Couples Who Talk About Sex Have Better Sex
by Ashley Cobb



March 3, 2021


5 Minute Read


Couples Who Talk About Sex Have Better Sex

Courtesy of @chichiarilove
Courtesy of @chichiarilove

It’s been proven that people who talk about their sex lives tend to have better sex lives. Good sex depends on good communication. As simple as that sounds, a lot of couples struggle to find the right words to express themselves without sounding critical or feeling embarrassed. In fact, it used to be easier for me to have the sex talk with my “girls” rather than my partner. I used to worry about how my partner would react. If they would be able to handle it? Would their feelings be hurt? As valid as these concerns were, I quickly learned that by not talking about sex I was doing myself and my partner a huge disservice. Communicating my sexual desires, needs and wants enhanced my relationship and my sex. 

So how does one have the sex talk with their partner? Glad you asked — here are my favorite tips on how to make the sex talk more productive and less embarrassing as possible. 

Start with one topic at a time

You don’t want to overwhelm your partner by bombarding them with a list of all the things they did wrong at once. It’s best to stick with one topic at a time. As the saying goes, the best way to eat an elephant is one bite at a time. Sticking to one topic will keep you on track and ensure that the issue at hand gets addressed. Too much too soon can be ineffective. If you have more to discuss, consider making this a regular occurrence.

Lead with a compliment

Couple in bed (Credit: @360photoss)
Credit: @@360photoss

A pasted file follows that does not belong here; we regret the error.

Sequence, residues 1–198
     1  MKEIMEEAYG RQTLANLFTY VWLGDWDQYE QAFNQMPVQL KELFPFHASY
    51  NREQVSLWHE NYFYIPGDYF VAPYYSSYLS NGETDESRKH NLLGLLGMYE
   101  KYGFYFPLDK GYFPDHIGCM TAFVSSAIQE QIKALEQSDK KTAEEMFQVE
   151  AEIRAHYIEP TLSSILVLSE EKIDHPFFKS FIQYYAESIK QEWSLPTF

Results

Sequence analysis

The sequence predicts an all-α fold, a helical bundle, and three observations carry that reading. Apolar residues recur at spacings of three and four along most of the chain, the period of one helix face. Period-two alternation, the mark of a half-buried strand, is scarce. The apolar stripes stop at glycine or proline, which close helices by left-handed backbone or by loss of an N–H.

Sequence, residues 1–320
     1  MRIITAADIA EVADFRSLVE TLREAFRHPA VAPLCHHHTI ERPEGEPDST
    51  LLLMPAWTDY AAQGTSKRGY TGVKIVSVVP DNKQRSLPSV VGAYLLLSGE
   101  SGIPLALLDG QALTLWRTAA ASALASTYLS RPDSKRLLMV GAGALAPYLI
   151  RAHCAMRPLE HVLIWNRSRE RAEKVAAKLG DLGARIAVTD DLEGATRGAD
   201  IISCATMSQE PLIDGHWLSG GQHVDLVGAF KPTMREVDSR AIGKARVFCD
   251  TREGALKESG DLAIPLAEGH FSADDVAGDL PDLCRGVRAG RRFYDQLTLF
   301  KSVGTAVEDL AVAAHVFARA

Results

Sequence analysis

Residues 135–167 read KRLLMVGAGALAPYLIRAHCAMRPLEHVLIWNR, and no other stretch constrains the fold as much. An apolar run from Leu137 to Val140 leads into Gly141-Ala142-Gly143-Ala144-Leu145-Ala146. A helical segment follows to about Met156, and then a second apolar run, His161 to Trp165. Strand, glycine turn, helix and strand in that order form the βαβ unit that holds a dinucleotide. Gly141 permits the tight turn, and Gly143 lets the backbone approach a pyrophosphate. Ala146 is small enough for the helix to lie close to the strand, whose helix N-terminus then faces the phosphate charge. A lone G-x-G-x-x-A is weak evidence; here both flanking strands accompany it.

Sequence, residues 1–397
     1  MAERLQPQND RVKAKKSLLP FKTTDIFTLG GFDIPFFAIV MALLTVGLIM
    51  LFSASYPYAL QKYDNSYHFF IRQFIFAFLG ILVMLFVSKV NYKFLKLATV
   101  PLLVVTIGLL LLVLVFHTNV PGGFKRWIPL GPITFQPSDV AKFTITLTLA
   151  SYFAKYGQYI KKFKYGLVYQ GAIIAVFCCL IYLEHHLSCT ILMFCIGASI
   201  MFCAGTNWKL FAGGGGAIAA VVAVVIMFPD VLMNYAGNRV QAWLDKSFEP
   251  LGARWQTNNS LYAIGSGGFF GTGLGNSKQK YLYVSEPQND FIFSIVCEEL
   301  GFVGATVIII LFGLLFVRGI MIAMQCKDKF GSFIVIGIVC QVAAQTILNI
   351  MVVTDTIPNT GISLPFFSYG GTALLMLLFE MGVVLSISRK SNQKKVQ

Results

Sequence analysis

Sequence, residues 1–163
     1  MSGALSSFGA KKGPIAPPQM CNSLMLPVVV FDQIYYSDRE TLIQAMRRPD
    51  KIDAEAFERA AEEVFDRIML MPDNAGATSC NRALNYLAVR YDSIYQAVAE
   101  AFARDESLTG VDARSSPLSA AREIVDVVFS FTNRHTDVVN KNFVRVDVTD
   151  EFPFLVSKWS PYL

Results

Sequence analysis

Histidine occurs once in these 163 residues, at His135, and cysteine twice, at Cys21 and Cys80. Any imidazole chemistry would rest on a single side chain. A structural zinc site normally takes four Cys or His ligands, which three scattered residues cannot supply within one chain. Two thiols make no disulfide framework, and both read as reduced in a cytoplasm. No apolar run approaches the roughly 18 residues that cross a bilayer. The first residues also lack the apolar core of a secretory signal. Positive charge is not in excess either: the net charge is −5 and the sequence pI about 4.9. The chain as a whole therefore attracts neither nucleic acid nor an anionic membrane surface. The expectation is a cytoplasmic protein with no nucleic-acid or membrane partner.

The key to talking about sex is not to criticize. If you do, the conversation will end before it even has a real chance  to begin. Saying, “You never touch my body”, makes your partner feel like you’re complaining and will breed results you don’t desire. Instead try, “Kissing last weekend in the laundry room was sexy. I want more of that, it felt so good!” Instead of “I hate it when you touch me there,” try, “It feels so amazing when you touch me here.” We all at times have self doubt about our performance. Being critical will only worsen these insecurities. Sharing your positive needs opens dialogue that makes your partner receptive to what you have to say. 

Bring suggestions

Sex can be a sensitive topic. To help the conversation go as smoothly as possible create a list of alternative or suggestions that would make sex better. Tell your partner what turns you on: share suggestions about foreplay, fantasies, things you like about them, what they do that makes you feel sexy, and how often you like to be intimate. It’s also important to allow your partner the opportunity to offer their input as well. It takes two to tango, so chances are your partner has some suggestions of their own for you. Ask how you can become a better lover in return and be ready to listen.

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Play a game

Courtesy of @carmen.bridgewater
Courtesy of @carmen.bridgewater

If talking about your likes and dislikes in bed doesn’t come naturally to you, consider turning the conversation into an activity. There are several sexy card games available that are great for this. One in particular is the game Sex Talks, which was created by a Black Sex Educator, Mickie Woods and features 69 questions that deepens connection and enhances sexual chemistry. Another option, in the event you don’t have a game handy is to create your own game. Jot down general questions and take turns answering with your partner. Some questions to ask could be: what turns you on? Do you have any fantasies? How often would you like to have sex? What’s your favorite position? What would you never do in bed?

At the end of the day, it’s important to remember that “good lovers are made, not born.” If you truly want the sexual relationship you desire then creating open, free, and non-judgemental communication is the key.